We lit a fire in the fireplace tonight. What took 50 years to grow we burned to ash in 50 minutes. It warmed our faces, hands and inner parts.
Once as a teenager, in my hunter-gatherer days, I tracked a wounded deer for hours into the evening and darkness in the Hills (mountains most would say) south of Oakley, Idaho. With my young cousin. We walked many miles. We came in sight of the animal once, but my hurried shot missed. Twilight stopped us; I knew pitch darkness and dangerous walking was close and set us both to gathering firewood. The rule is—gather twice what you think you will burn, then gather twice more. That will be the right amount. This is analogous to many other situations in life, like investing time in children, or your marriage. Four times what you think you need.
The stars turned electric-bright in the dark night. For all we knew, we would be out there until morning, so we had a lot of firewood stacked ere the sun set and the afterglow darkened to inkiness. The fire took our minds off our fear, as many things were moving around in the night, but not coming within our circle of light. Occasionally we glimpsed the reflection of bright eyes staring at us. Later we learned they were cows; but not until later. Meanwhile we gave ourselves to the hypnosis of the flickering flames. Especially whenever fear threatened to overwhelm us. A few times my young cousin whimpered and shed tears; I bade him to look into the fire and the whimpers ceased. I stayed dry-faced, to shore him up.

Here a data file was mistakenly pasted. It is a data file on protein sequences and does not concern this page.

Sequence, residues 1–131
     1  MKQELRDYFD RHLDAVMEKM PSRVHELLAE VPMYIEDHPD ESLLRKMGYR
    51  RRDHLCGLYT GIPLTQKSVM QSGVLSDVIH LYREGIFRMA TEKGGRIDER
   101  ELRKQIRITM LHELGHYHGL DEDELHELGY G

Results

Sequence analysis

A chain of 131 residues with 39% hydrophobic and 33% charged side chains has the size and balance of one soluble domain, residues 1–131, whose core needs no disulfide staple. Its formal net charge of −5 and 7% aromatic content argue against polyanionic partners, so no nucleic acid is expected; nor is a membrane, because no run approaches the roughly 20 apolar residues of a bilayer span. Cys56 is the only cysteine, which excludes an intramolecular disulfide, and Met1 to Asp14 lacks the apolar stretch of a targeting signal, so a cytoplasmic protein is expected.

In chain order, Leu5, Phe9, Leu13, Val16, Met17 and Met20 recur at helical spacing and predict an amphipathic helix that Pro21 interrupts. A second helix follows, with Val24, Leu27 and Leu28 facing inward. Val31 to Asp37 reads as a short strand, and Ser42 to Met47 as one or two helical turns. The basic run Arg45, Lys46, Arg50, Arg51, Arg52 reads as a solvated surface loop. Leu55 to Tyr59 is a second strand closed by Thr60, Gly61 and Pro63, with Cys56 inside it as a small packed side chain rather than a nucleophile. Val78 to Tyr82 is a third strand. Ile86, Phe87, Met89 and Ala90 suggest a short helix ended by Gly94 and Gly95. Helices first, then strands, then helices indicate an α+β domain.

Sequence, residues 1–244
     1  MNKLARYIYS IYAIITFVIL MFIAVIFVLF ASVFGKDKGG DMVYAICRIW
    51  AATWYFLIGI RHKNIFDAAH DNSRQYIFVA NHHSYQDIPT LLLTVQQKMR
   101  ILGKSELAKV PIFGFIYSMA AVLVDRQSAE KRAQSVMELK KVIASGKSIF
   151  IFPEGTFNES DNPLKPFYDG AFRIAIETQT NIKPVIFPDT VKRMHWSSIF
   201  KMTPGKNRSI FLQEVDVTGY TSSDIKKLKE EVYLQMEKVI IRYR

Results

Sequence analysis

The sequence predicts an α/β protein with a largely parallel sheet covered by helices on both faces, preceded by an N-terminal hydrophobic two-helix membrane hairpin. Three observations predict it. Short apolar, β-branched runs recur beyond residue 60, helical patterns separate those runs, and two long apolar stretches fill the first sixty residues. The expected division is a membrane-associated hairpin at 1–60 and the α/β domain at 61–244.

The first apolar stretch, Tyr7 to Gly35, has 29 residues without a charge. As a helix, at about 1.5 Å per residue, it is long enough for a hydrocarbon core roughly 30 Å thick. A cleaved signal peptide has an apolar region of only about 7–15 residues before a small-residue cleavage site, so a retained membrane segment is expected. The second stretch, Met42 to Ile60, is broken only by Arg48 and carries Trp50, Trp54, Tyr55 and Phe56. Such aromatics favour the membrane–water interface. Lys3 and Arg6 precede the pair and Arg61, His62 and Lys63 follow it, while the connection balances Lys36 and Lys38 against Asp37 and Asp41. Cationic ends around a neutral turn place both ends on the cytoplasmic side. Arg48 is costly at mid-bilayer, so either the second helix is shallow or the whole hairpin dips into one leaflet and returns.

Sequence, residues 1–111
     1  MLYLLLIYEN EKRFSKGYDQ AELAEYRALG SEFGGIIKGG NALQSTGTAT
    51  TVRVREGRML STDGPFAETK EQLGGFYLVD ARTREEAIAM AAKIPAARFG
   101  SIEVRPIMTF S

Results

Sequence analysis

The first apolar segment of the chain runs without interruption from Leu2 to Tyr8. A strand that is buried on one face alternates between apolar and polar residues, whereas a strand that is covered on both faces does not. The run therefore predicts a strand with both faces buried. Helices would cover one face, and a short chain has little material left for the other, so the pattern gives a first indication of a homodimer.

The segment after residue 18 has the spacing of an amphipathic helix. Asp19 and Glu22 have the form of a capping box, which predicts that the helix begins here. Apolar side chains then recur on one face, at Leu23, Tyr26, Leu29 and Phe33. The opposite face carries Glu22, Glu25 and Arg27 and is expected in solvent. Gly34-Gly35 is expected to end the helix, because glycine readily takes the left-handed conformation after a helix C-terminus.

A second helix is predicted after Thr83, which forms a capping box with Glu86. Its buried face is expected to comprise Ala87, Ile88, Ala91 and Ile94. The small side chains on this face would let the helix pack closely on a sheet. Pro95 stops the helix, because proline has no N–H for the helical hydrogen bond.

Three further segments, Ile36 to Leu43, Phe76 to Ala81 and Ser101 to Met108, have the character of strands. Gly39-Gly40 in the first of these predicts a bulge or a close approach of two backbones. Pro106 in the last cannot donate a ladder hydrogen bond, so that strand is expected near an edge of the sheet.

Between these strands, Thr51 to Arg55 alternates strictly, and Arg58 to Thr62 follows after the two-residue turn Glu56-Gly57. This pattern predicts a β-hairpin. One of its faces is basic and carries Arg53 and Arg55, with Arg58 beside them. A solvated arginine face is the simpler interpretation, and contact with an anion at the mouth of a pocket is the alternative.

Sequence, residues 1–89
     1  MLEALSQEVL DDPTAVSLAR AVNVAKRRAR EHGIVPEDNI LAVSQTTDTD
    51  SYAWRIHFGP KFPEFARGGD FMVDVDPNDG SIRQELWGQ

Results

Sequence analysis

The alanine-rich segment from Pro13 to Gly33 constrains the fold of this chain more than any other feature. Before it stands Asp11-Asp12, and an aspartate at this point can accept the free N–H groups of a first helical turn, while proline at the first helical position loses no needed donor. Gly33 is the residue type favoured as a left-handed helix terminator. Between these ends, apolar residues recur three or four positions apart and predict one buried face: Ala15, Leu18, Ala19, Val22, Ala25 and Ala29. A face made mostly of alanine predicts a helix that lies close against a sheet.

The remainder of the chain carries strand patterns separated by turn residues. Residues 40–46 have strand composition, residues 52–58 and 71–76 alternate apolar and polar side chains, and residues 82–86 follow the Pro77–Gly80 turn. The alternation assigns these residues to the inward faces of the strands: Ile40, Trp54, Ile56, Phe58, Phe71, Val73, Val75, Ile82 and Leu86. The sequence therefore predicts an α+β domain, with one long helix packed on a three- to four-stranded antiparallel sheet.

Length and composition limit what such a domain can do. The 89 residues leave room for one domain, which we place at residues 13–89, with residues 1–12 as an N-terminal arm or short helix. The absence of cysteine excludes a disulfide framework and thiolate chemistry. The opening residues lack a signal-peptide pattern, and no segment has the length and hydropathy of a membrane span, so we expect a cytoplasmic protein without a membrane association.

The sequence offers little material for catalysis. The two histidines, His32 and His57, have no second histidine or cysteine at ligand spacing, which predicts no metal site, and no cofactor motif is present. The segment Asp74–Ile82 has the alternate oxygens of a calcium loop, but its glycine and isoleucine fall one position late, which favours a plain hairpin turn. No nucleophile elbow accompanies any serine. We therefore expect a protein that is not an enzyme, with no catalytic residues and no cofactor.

My dad and my uncle found us about midnight. My uncle, who survived many an island firefight as a marine in the Pacific Theater in WWII, saw us safe within our ring of light and remarked that you could endure anything so long as you had fire. I figured he knew what he was talking about.
Now the domesticated fire in our living room hearth is crackling and fading, the heat a soft push against our skin. The memory of fire a soft push against our primordial stash of fear.
You can endure anything so long as you have fire.